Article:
Once upon a time, there was a world with color. There was the great outdoors, with pretty flowers and green grass, where you lifted your face to the wind and inhaled and then sneezed for 15 minutes because of pollen.
Ah, memories. It seems like we’ve been burrowing into scarves and hiding indoors for a long time now, so this month in DIY With Dawn, we needed something with a little pop and wishful thinking.
But trying to entice spring to arrive early did not come without its problems. Many problems. We all needed to hibernate for a while after spending a few hours trying to put together these “simple, fun!” flowers that I found on WonderfulDIY.com and a British website called “Nurture Store: Creative Kids Learning” (nurturestore.co.uk). Simple and fun should now be considered words of warning.
End result: They look good. Would we make them again? Maybe while we are waiting with Pa and Ma and Mary for the train to come and have nothing else to do. In other words: We’ll wait for the real thing next time.
Never miss a local story.
Project 1: Paper pinwheel daffodils
Goal: Make daffodils out of egg cartons and cardboard paper.
Reality: You do not have that kind of time to make these.
Possibility of stabbing yourself accidentally: High.
Details: See here’s the thing: All of these LOOK like they are going to be simple. Paint an egg carton orange, cut out the bottom square. Make four cuts on a diagonal on a piece of yellow cardboard, fold in the edges, and then stick a paper fastener through the egg carton and the folded paper so it looks like a daffodil. Attach to stem.
My crafty friends, Jen and Lisa, came over to help and to escape snowboredom. Painting was fun! Messy! We got to mix the red and the yellow to make orange! And then we had to cut the egg cartons down. There has to be an easier way. You know that creepy feeling down your spine you get when you hear nails on the chalkboard? This is the feeling I got cutting the cardboard. Pieces were everywhere. All my good painting went to hell.
Then we tried to fold the flowers. The petals would not stay.
STAY! Stay DOWN! There might have been cursing.
We realized we had to punch holes in the paper and the egg carton and didn’t have a hole puncher, so we used a pen or the skewers that were meant for the next project. I lost patience at that point and just fastened the egg carton to the yellow cardboard “flower” and then glued the stem (a folded piece of green cardstock) to the back.
Lisa, who is a much kinder and more patient person than I, used another paper fastener to attach her stem to the flower so that it actually spun. If you, you know, forced it. This is not one flower that’s going to be blowing in the wind.
It took us almost 45 minutes to make one flower, and that was with pre-painted egg cartons. Thank goodness there wasn’t a video of us making these things because it would not be something you could watch with children.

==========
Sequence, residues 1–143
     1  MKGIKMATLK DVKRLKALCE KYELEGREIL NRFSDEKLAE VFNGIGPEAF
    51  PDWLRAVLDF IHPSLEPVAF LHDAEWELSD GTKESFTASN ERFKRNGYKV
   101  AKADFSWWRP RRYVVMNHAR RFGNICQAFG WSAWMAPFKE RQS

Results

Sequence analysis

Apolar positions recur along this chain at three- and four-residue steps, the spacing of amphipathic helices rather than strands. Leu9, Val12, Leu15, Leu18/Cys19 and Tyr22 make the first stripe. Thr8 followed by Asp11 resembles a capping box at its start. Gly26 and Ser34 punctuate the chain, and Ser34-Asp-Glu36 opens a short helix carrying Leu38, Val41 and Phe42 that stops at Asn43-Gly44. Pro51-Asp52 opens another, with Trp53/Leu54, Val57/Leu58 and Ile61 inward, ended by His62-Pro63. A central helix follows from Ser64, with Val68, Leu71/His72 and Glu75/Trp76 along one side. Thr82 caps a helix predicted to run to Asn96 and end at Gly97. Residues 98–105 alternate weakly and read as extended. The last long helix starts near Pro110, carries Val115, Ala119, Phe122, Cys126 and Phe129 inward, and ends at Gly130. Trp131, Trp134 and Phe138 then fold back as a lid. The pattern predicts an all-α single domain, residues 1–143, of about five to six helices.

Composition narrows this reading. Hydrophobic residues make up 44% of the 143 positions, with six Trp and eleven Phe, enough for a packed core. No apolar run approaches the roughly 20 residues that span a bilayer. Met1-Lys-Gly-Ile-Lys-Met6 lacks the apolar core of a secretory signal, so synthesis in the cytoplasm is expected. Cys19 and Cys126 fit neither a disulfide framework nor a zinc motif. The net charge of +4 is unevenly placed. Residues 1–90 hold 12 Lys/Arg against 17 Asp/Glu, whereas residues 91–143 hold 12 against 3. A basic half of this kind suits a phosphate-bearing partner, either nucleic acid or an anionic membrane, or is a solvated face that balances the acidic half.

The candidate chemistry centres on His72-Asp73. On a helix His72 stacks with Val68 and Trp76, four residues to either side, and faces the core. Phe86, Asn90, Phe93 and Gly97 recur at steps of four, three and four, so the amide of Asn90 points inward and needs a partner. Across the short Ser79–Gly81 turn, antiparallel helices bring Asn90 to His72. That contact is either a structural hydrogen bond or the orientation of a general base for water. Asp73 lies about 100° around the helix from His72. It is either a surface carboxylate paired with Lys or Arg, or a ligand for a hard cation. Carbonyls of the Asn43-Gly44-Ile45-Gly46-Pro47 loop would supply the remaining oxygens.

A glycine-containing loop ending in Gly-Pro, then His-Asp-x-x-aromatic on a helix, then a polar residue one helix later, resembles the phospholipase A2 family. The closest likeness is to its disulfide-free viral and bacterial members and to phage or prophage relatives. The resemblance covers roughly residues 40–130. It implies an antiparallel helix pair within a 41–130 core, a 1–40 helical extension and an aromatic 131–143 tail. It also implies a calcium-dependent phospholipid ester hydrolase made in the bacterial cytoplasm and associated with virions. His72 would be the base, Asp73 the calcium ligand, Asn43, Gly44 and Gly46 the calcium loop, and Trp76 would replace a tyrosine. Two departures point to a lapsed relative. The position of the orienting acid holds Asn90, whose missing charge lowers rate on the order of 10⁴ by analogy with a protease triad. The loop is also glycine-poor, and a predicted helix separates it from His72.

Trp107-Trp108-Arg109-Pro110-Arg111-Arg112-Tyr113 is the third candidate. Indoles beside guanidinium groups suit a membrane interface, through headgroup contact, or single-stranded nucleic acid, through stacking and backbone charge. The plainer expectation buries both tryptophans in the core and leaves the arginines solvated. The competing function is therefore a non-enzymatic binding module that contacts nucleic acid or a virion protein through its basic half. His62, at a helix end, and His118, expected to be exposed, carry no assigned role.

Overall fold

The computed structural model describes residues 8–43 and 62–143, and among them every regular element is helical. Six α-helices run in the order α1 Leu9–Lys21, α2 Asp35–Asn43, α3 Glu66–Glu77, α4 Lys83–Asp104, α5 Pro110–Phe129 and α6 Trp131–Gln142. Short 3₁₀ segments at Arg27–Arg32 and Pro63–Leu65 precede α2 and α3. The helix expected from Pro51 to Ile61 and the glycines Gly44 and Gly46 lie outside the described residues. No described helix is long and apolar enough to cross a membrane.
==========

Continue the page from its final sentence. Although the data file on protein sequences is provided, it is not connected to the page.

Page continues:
“Can’t we just buy pinwheels in the store for like 75 cents?” asked Jen. Yes, yes you can.
Project 2: Paper hyacinth flowers
Goal: Cut paper into strips. Roll strips up using skewer. Voila, flower!
Reality: These look great, from far, far away. Requires patience of a saint. Might be fun in large groups of people who have enjoyed several martinis.
Details: Do you enjoy attention to detail, like curling 30 tiny strips of paper, one tiny strip at a time? This project is for you. Again, it SEEMS simple. Maybe it would have been simple if we had used tissue paper instead of regular paper, but whatever: you work with what you got, right? Actually, I think this would have been worse with crepe paper because it would have torn much more easily, and I would have set things on fire.
Get a piece of colored paper. If you want to be all particular about it, use pink, blue or white, which are hyacinth colors. Or you can be all creative, like me, and use green or orange or whatever. It’s your bouquet, baby. I think outside the flower box.
Cut a 6-inch strip of the paper. Fold over the very edge, about 1/4 inch, twice. Then start cutting tiny strips along the length of the paper, about pencil-width wide. When you are done being bored with a thousand paper cuts, take a skewer or a stick or something small (one video suggested using the ink tube that’s inside a pen) and attempt to roll the tiny slits of paper up into curls.
You might try to curl more than one strip at a time. Haha. The craft lords mock you in your attempts to make this happen any faster. No, no. You must curl them up, sllllooowly, one at a time. The curls will fight you the entire time. Some of them may accidentally fall off in your haste to make this move along.
Eventually, like 20 minutes later, the pain will end. Then you wrap the strip around the skewer. Or you can use a piece of cardboard paper or a straw. Here’s the trick: You have to wrap the strip around diagonally, like you are wrapping ribbon around your finger and don’t want any skin to show. Good luck with this.
It might take several tries, oh, and you have to have the paper so that the curlies are facing out.
When you’re done, you can glue the flower part to the stick or you can tape it, as you are out of patience and ready to kill someone.
Note: We all used tape. Did it look like a hyacinth? Uh. Well. No.
Was it kind of pretty and colorful? Did it brighten up the room when put in a vase? Definitely. I’ll keep them on my desk — until the real thing comes along.
Next time: I’m hoping to melt Peeps and use them as glue. Is that wrong?